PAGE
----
The Maker Community Is Going High-Tech with FPGAs

The powerful but complex field programmable gate array (FPGA), long considered a tool for the technical elite, is unexpectedly finding new popularity in the non-elite world of the maker community.

Increasingly, suppliers are marketing devices and software to make the FPGA’s tricky implementation more accessible to the masses. New development kits and boards are rolling out, simplifying the complex FPGA programming process and attracting a more technically literate class of “makers.”

Trenz Electronic offers a low-cost development board called ZynqBerry that features a Xilinx Zynq-7010 FPGA in a Raspberry Pi form factor. (Source: Xilinx, Inc.)

“We’re seeing professional engineers -- graduates with master’s degrees and four or five years experience in industry,” Mark Jensen, corporate software strategy and marketing director for Xilinx, Inc., told Design News. “They call themselves Pro Makers. And they see that they can use FPGAs to build programmable robots and drones, then get crowd source funding, and create their own grassroots businesses out of it.”

The result is an odd convergence: a new class of makers, maybe not formally educated in FPGA programming, but smart enough to apply the new breed of simpler development kits in ways that no one has up to now. Some of the new makers are night owls, breathing life into their ideas when they return from their nine-to-five engineering jobs. Others are students – electrical and mechanical engineers alike – learning the technology while they complete a senior project or master’s thesis. They’re building an unusual assortment of mechanized devices – from self-balancing bicycles to robots that run like cheetahs – and they’re using FPGAs for intelligence.

“Some of these projects use really complex non-linear control algorithms, so the developers have to use FPGAs to get the performance they need,” noted Ray Hsu, a section manager for academic programs at National Instruments. “The FPGA can be a great deployment target because it allows them to prototype their concepts. And they don’t need to create their own ASICs.”

Costs Are Falling

That’s always been true of FPGAs, of course. As the name suggests, FPGAs are made up of logic blocks that can be configured by the customer or engineer, even after manufacturing has begun. As such, they’ve long offered advantages for designers, including the ability to quickly implement new concepts and boost computational performance.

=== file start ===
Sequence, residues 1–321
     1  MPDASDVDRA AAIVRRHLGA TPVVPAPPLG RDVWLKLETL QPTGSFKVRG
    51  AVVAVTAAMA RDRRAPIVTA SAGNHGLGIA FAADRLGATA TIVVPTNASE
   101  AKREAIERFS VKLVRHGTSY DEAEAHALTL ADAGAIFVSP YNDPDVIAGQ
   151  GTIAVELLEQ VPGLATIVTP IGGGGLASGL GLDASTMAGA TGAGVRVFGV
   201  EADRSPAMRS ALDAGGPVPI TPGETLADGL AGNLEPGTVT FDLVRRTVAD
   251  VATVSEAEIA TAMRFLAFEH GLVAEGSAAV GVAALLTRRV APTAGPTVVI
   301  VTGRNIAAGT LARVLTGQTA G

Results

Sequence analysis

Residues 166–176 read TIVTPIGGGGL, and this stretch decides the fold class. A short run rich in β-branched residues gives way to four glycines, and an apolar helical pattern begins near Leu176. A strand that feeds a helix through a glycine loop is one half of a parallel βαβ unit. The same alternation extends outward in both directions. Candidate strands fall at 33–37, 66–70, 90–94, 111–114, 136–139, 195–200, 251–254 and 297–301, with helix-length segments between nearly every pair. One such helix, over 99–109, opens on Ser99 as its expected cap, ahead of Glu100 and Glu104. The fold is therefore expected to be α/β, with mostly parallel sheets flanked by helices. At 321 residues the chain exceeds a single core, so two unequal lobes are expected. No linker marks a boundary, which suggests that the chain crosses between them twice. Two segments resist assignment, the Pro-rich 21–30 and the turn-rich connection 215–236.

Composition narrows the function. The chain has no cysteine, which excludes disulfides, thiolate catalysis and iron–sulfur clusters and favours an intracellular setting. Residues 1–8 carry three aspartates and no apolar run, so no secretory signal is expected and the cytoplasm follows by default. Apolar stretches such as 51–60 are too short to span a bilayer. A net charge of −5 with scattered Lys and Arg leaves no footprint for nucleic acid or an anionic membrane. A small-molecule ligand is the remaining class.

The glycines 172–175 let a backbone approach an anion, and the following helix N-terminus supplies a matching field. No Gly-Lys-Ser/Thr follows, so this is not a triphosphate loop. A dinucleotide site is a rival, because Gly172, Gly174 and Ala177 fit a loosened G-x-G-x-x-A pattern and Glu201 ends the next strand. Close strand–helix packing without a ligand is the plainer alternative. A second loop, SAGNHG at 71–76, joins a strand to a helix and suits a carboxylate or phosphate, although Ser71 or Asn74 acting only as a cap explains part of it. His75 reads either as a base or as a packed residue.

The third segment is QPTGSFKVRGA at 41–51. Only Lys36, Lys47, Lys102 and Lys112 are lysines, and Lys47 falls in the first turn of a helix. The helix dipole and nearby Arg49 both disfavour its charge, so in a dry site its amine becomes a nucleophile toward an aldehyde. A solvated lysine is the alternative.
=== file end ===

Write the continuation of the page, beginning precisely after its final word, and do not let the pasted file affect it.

But since bursting on the electronics scene about three decades ago, they’ve also gained a reputation for being finicky. “Not so long ago, we’d talk to customers, and they would like the idea of FPGA flexibility, but they were scared to death by the programming,” Jensen recalled.

In many cases, it didn’t matter if users were degreed electrical engineers, experts said. “Even engineers who spent a year or more with a microcontroller did not find FPGAs easy to use,” added Warren Miller, CEO of Wavefront Marketing, a consultant to the semiconductor industry.

That being the case, it stands to reason that the hobbyist-based maker community found FPGAs especially challenging. The maker community, which includes novice technicians building such devices as automated cat feeders and LED-based Halloween displays, traditionally steered clear of the technology.

Now, however, that’s beginning to change, thanks to a proliferation of easier-to-use products that offer substantially lower costs. Krtkl, Inc., for example, now offers a crowdfunded FPGA-based board called snickerdoodle, which also features an ARM Cortex-A9 processor, Wi-Fi and Bluetooth, starting at $55. Similarly, Enclustra GmbH markets its low-cost Qoobik, which features a Xilinx Zynq-7000 FPGA. Meanwhile, Trenz Electronic markets its ZynqBerry board that features a Zynq-7010 FPGA in a Raspberry Pi form factor. Other maker-type FPGA boards include MYIR Tech Ltd.’s Z-Turn , V3 Technology, Ltd.’s SNOWLeo and Diligent Inc.’s Arty Board. A growing number of those maker-targeted boards can be purchased for less than $100.